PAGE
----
Secondly, the efficiency of genome editing may be controlled by the DSB repair approach. NHEJ is more active than HDR in most of the cell cycle, which makes gene correction and insertion get more challenges . However, when a homology donor DNA is delivered with ZFNs, the rate of HDR is dramatically enhanced at the DSB sites [27, 33, 34]. Based on this principle, ZFN-donor combination has been adopted to achieve efficient gene modification in various mammalian cells [27, 63,64,65,66,67] and also applied to various diseases treatment [68, 69]. As we know, DSB repaired by NHEJ, an error-prone repair pathway, frequently inducing nucleotide indels in break site may lead to gene knockout. Nevertheless, the gene editing achieved by NHEJ is unpredictable and not all the indels are expected. In conclusion, co-delivery of ZFNs and donor can achieve efficient and user-designed gene editing by HDR repair pathway. Therefore, in this study, we tried to use HDR-driven gene modification for CML treatment.
To achieve therapeutic editing in clinical, the ZFNs need to be delivered to target cells, which can be performed either in vivo or ex vivo. In vivo genome editing therapy, the ZFNs are delivered directly to diseased cells in the body. This mode of therapy may have the potential to treat diseases that have effects on multiple organ systems. On the other hand, the appropriate vector [70,71,72], immune response  and unpredictable off-target  are the potential barriers for application of this therapy mode. In ex vivo therapy the target cells are removed from the body and transfused back into the host after modified with ZFNs. CML is suitable for ex vivo therapy with ZFNs. First, cells of hematopoietic system can survive under manipulated conditions outside the body. Second, in this study, our ZFNs system was capable of efficiently prevent the tumorigenesis potential of BCR-ABL (Figs. 3, 4, 5). For ex vivo application, electroporation can be used to deliver plasmids of ZFNs into hematopoietic stem cells . However, lentiviral vectors which may drive constitutive expression and more off-target activity are less desirable .
This is the first time to report a bcr-abl gene disruption approach based on ZFNs which may provide a novel therapeutic strategy for imatinib resistant or intolerant CML patients. The results of CCK-8 assay, colony-forming assay and flow cytometry shown that the ZFNs had potent anti-leukemia ability in vitro. Also, we found that the ZFNs can impaired leukemogenesis of K562/G01 cells in mice by specifically targeting and disrupting bcr-abl gene. As we known, the point mutations in ABL kinase domain were responsible for TKIs resistance in CML patients , with this reason considered, we constructed ZFNs targeting BCR domain which also made the ZFNs suitable for treating drug-resistant patients with different mutations. In summary, the ZFNs technology may be the potential and effective method to treat CML.
The combination of donor and ZFNs demonstrated here is able to truncate BCR-ABL oncoprotein efficiently in CML cells and CML CD34+ cells and show the anti-leukemia ability in vitro and in vivo. This approach may provide a promising treatment choice for CML patients, especially for whom with imatinib resistance.
Chronic myeloid leukemia
Double strand break
Insertions or deletions
Leukemic stem cells
Non-homologous end joining
Nuclear localization signal
T7 endonuclease 1
Tyrosine kinase inhibitor
White blood cells
Zinc finger nucleases
Zinc finger proteins
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This work was supported by the National Natural Science Foundation of China (No.81572060 and No.81500129), Research and Cultivation Fund Project of Chongqing Medical University (No.201415), Scientific and Technological Research Program of Chongqing Municipal Education Commission (No.KJ1500215) and Chongqing Postgraduate Research and innovation project (No.CYS15120 and No.CYS16136).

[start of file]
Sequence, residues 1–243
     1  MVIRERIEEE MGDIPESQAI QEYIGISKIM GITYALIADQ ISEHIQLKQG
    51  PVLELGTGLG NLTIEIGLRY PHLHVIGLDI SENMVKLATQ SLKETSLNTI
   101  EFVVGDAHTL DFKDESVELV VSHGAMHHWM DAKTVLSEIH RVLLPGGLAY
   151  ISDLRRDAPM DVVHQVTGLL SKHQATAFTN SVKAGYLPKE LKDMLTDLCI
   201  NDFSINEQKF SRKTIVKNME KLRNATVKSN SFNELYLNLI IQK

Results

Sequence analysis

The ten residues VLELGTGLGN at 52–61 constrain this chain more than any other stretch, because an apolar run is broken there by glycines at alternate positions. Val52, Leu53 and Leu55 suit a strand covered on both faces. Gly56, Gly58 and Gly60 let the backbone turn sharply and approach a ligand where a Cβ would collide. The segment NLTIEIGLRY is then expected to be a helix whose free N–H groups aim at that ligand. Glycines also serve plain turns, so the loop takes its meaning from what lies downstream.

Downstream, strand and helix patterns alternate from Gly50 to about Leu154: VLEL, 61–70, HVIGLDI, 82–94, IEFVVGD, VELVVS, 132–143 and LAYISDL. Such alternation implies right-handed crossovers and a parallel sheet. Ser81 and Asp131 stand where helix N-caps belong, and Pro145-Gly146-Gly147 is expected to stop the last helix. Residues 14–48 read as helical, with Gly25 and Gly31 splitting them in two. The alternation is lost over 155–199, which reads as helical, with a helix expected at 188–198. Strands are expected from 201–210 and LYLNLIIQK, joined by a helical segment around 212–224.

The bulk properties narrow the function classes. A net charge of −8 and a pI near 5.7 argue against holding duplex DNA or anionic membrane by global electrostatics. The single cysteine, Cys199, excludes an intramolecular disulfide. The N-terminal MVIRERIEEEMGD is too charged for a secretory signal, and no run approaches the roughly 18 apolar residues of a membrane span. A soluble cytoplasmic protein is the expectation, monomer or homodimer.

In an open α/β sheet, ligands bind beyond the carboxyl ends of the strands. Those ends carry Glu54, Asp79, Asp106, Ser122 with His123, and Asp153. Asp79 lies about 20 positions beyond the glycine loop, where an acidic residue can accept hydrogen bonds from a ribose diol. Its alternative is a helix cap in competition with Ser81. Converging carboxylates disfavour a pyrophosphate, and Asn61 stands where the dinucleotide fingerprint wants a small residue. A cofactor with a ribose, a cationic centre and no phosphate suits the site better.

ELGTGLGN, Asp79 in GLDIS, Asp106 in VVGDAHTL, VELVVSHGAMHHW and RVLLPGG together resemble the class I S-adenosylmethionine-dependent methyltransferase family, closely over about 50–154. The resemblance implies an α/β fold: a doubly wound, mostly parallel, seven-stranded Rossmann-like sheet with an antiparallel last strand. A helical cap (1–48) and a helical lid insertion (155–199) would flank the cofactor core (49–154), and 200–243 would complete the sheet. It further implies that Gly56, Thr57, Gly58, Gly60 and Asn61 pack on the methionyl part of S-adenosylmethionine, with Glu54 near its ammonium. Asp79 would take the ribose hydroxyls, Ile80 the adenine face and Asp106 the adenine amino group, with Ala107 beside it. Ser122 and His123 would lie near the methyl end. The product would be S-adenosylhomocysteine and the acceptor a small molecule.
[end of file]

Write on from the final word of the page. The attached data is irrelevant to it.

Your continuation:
Availability of data and materials
All data generated or analyzed during this study are included in this published article and raw data are stored in corresponding author and are available upon request.
Ethics approval and consent to participate
All samples were collected with informed consent and all the experiment were approved by the ethical committee. All animal experiments were in accordance with the National Institutes of Health guide for the care and use of Laboratory animals (NIH Publications No. 8023, revised 1978) and were conducted with the approval of the Biomedical Ethics Committee of Chongqing Medical University.
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The authors declare that they have no competing interests.
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Figure S1. Expression of ZFNs proteins in K562 cells. (A) The proteins of K562 cells were collected after nucleofection of ZFNs at different times (0 to 72 h). Anti-Flag antibody was used to detect the protein expression. (B) K562 cells were transfected with pAd-Track, ZFN-L, ZFN-R plasmids separately or together of ZFN-L and ZFN-R (ZFN-L/R). Nuclear and cytoplasmic proteins were collected, from which the amount of ZFN proteins were detected. The arrows indicate the marker proteins. Data are expressed as the means ± SD. **P < 0.01 vs. Controls. (TIFF 511 kb)
Figure S2. Supporting data for Fig. 2. (A) K562 cells were treated with ZFN-L and ZFN-R for 48 h and ZFNs-induced DSBs detected by 53BP1 immunostaining. The rate of cells containing more than 3 foci was shown beneath each panel. (B) Quantification of γH2AX protein from the experiments, normalized to actin. The data are shown as the mean ± SD. **P < 0.01 vs. Controls. (TIFF 327 kb)
Figure S3. Supporting data for Fig. 3. (A), (B) Quantification of protein from the experiments, normalized to actin. The data are shown as the mean ± SD. **P < 0.01 vs. Controls. (TIFF 745 kb)
Figure S4. Supporting data for Fig. 4. (A) The percentage of apoptotic cells was determined by 7-AAD/AnnexinV-PE staining followed by flow cytometric analysis. (B) K562 and K562/G01 cells were treated with ZFN-L, ZFN-R or Donor. The morphologic changes of apoptotic cells were detected by DAPI stain (TIFF 1504 kb)
Figure S5. Supporting data for Fig. 4. (A) The colony formation ability of K562 and K562/G01 cells which treated with ZFN-L, ZFN-R or Donor. (B), (C), (D) The viability of 32D, HepG2 and 293 T cells treated with pAd-Track or ZFN-L/R and donor was measured by CCK-8 assay. (TIFF 1102 kb)
Figure S6. ZFNs have no effect on the proliferation and apoptotic rate of CD34+ cells from anemia patients. CD34+ cells were collected from anemia patients and treated with ZFN-L/R and Donor plasmid, respectively or together. (A), (B), (C) Cell viability was assessed via CCK8 assay. (D) The percentage of apoptotic cells was determined by FCM. (TIFF 424 kb)
Figure S7. Supporting data for Fig. 6. (A) Representative images of livers and spleens from groups of Blank, pAd-Track, ZFN-L, ZFN-R, Donor or ZFN-L/R and donor. (B) Comparison of the size of solid tumor from each groups. (C) Infiltration of liver and spleen in group of ZFN-L, ZFN-R and Donor was analysed by H&E. The arrows indicate the infiltrating leukemic cells. (D) Bone marrow cells from mice in each group were stained with Wright’s staining. The arrows indicate the typical leukemic cells. (TIFF 4194 kb)